Of course we get sunny days in other seasons than summer, don’t we? In winter it is often bitingly cold, but people bundle up and head outside to enjoy the sunshine nevertheless. In the autumn a sunny day can be quite warm, leading to the term “Indian Summer”. In the spring a sunny day is often warmer than preceding days, especially in comparison to the cold, dark days of winter, and presages the spurt of growth that is the forerunner of summer. It may be a sunny day will be heralded by the songs of birds mating and nesting, and shoots of new grass growth and buds on trees may be evident, especially in deciduous plants which are native to colder climates.
Whatever the season sunny days are generally welcomed as a chance to get outside and “do things”. This may be as simple as gardening or as rigorous as some sport or other. Even something like taking the dog for a walk is always better on a sunny day. Bad weather may preclude some sports, such as mountain climbing, but with a clear morning and a good weather forecast and you can feel confident of tackling that peak, and standing on the top you can admire the view.
Mothers and pre-school teachers look forward to sunny days. If rain keeps the kids inside, they get bored easily and that can lead to upset and even tantrums. On sunny days they can be urged outside to play on the trampoline or chase the chickens or whatever and they are not underfoot and don’t have to be kept busy.
In the biblical story of Noah and the Ark, Noah and his family, together with all the animals endured 40 days and nights of rain, before, eventually, seeing the sun and the rainbow. Imagine for a moment that the story was true. How glad would they have been to finally see the sun, and what sort of state would they have been in? They would probably have been bickering, playing cards with a pack of 51, arguing over the rules for checkers, blaming each other for not bringing along more beer, and arguing over whose turn it was to muck out the animals. The animals would not have been in a much better state either. The ducks arguing with the geese, the hyenas laughing at the dogs and the cats, not insisting, but expecting that everything would be done their way and for their benefit and comfort.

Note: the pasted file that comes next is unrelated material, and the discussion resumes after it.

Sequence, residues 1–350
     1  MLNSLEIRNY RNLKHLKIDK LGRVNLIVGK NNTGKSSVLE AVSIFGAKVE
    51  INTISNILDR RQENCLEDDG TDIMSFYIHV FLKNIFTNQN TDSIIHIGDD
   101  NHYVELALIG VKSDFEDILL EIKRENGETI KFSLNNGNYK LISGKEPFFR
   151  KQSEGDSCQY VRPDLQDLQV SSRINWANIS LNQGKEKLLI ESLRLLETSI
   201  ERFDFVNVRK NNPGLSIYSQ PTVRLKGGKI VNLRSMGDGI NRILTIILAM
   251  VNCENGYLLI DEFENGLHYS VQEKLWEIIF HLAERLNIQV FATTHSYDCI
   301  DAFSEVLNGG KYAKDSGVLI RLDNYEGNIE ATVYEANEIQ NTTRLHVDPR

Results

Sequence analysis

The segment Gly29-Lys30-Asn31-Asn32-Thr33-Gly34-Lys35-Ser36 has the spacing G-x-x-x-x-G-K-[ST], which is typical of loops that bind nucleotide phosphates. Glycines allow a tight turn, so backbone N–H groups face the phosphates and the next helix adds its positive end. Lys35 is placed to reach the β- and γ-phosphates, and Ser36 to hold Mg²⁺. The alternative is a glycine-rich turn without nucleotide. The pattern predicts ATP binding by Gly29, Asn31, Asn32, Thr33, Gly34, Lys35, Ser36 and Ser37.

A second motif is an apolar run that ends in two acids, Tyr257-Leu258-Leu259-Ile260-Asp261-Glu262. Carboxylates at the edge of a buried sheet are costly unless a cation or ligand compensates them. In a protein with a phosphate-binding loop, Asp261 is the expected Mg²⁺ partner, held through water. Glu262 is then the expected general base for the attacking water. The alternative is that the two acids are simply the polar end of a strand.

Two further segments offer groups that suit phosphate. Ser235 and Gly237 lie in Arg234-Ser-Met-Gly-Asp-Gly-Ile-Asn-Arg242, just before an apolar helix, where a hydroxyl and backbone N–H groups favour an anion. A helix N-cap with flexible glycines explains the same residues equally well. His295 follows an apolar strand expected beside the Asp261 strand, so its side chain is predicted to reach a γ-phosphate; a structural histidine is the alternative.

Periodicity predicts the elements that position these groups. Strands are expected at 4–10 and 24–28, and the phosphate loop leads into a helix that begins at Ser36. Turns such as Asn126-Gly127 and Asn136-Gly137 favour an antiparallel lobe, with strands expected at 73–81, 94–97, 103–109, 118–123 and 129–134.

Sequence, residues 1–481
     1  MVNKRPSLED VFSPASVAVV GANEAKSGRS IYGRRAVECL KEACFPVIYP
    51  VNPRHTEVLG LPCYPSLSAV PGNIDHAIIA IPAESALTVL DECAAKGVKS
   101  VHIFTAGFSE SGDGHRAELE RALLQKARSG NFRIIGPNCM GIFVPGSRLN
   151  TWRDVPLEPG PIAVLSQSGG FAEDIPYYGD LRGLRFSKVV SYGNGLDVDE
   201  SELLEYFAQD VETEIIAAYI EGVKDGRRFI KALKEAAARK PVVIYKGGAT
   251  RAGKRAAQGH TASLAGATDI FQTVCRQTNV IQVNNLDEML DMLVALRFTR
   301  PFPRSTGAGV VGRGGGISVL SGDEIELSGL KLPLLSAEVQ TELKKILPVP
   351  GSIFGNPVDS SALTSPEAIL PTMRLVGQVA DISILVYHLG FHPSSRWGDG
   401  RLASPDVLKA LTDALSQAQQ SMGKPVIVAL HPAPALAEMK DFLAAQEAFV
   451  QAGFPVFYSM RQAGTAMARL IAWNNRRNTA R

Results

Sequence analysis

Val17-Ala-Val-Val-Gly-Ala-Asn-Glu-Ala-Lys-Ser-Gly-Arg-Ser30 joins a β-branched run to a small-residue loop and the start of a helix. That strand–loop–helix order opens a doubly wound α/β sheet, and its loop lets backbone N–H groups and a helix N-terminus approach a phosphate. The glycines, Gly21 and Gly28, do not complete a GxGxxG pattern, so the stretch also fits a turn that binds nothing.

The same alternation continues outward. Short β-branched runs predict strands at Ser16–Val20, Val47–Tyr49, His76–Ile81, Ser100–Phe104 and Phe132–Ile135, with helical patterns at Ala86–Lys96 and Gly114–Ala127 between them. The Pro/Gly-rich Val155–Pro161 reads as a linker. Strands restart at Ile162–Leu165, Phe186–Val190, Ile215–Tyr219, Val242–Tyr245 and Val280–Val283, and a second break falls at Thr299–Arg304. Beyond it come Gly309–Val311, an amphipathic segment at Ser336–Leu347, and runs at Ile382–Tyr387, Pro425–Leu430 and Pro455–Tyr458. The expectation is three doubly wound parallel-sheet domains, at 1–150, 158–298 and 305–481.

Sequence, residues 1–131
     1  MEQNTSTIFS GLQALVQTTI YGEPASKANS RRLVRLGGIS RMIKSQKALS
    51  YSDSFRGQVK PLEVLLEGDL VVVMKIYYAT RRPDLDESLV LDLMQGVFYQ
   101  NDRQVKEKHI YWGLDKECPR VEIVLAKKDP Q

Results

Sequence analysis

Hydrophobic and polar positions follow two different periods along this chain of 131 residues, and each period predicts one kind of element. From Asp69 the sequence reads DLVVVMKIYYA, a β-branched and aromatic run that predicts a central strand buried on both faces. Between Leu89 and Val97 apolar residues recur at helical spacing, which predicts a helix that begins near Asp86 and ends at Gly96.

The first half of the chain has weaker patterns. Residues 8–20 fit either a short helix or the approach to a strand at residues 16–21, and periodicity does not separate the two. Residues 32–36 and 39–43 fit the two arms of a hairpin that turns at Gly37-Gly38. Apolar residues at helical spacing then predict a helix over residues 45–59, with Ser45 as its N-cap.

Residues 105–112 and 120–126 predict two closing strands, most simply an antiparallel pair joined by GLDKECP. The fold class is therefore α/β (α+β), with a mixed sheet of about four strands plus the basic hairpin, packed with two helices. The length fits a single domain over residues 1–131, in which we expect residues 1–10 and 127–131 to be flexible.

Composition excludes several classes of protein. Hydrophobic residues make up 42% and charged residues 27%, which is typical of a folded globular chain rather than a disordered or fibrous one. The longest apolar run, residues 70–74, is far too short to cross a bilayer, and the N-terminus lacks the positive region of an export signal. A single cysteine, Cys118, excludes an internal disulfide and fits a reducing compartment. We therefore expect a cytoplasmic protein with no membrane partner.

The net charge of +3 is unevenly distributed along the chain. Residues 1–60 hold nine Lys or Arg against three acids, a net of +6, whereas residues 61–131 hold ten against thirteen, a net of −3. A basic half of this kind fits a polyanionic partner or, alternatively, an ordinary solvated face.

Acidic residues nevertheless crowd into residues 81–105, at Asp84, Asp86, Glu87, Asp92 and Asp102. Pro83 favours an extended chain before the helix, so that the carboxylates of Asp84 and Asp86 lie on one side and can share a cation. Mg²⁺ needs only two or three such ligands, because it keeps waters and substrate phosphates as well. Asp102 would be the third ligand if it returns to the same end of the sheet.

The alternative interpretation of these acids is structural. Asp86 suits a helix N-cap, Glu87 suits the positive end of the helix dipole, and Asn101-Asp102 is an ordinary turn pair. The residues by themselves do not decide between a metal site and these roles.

As I look outside now, it is pouring down! But on Friday it was beautiful and we took the grand-kids to visit Wellington’s Botanical Gardens. We parked in the CBD (which was expensive) and took the Cable Car up to the Gardens. The sun shone and the cicadas were making a din in the trees. We visited the Cable Car Museum, walked to Carter Observatory and walked down into the actual gardens by way of the kids’ playground. Finally we went through the floral displays and on to the Lady Norwood Rose Gardens. You can’t beat Wellington on a good day, and this was one of them.